Der pädagogische Gewissensbegriff
Conscience cannot evolve without reason, Rousseau claims. Yet conscience is supposed to be independent of reason. For conscience can be good or evil, clear or guilty, awake or asleep. None of this can be claimed for reason, which is generally seen as being a rational asset, the capacity of which forms the focus of controversial academic debate embracing the two notions of modern and post-modern conscience.
It is from conceptual analysis that the fundamentals of conscience formation and the possibilities and scope of conscience education are represented. Although the philosophic decentrisation of the subject has led to a move away from the modern concept of conscience, this does not necessarily mean the adoption of an academic concept of conscience. Nowadays, this implies that the education of conscience is no longer to be seen as a spiritual awakening of the modern conscience, but rather as academic support for the formation of a post-modern conscience. Seen in this light, conscience does not correspond to an inner instance (such as a divine instinct, an inner court of law, a super-ego) which generates ‘the good in itself’, but instead a means – by way of its ability to assert a cognitive, emotional and voluntative self-image in and via self-talk – of creating distance from oneself, and from other people and other things.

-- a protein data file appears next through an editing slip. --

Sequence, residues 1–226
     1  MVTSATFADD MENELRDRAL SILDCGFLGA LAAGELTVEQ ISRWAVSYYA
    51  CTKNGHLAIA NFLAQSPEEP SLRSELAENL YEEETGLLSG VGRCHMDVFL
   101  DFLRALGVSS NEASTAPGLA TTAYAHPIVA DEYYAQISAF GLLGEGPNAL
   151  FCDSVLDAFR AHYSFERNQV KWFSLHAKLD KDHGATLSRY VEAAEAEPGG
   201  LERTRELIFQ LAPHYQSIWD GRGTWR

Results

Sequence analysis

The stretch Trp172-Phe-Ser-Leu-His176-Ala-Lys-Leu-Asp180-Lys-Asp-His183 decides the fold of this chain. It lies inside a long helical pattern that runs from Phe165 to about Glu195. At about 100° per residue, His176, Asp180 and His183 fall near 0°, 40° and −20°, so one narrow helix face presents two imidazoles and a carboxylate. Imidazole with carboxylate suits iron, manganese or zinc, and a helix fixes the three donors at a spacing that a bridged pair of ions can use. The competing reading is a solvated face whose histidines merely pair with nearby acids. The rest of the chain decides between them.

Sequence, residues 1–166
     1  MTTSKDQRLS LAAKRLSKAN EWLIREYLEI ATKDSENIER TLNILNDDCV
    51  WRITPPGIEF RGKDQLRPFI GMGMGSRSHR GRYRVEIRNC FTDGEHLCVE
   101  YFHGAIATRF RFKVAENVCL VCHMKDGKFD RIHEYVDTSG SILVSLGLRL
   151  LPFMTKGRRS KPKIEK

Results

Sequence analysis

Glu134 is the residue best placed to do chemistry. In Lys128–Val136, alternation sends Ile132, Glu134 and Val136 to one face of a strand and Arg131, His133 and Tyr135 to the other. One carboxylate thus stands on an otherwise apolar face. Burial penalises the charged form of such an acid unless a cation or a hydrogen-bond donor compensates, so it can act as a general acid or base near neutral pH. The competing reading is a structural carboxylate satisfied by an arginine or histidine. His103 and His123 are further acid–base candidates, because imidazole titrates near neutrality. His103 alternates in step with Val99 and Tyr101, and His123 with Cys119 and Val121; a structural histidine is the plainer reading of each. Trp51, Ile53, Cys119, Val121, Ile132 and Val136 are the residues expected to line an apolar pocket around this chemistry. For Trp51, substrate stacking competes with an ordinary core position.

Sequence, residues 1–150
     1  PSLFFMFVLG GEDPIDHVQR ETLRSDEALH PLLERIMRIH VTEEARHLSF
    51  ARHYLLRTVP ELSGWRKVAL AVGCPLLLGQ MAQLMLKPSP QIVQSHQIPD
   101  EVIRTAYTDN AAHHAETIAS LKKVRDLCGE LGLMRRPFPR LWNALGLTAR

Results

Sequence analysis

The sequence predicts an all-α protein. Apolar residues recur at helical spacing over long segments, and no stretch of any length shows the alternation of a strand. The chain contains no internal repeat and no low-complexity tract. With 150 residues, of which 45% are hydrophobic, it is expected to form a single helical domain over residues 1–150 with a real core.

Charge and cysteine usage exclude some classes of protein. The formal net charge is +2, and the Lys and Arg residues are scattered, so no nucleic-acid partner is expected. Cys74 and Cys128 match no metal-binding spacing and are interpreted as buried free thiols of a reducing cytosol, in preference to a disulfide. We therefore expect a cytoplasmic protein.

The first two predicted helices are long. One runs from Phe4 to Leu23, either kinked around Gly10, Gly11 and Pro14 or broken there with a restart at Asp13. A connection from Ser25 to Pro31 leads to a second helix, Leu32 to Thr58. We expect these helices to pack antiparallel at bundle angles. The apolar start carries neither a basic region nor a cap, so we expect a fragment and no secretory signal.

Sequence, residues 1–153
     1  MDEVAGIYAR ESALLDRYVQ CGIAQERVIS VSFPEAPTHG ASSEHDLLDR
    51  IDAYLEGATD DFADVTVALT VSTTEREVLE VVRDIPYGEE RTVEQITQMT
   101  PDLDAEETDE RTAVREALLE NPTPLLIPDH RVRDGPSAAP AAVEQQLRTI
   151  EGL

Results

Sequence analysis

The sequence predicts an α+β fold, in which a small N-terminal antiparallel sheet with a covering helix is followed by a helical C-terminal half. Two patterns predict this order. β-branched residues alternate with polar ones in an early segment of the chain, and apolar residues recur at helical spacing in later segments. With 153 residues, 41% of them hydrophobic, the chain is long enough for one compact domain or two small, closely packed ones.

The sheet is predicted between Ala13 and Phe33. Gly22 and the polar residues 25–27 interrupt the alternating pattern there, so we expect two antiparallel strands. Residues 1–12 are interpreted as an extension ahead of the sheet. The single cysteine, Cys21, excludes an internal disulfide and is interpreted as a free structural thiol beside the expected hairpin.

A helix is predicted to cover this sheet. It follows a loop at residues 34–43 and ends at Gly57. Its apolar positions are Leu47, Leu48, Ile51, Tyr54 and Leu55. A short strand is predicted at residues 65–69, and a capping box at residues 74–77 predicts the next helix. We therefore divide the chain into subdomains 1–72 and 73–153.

According to this hypothesis, the education of conscience provides the link between the formation of values, morals and purpose and thus a gateway to post-modern accountability. Consequently, the pedagogical concept of conscience is central to the theory of post-modern education with the goal of imparting personal accountability which, in turn, is only justifiable as a ‘fallible behavioural disposition’ within the framework of a situations ethic.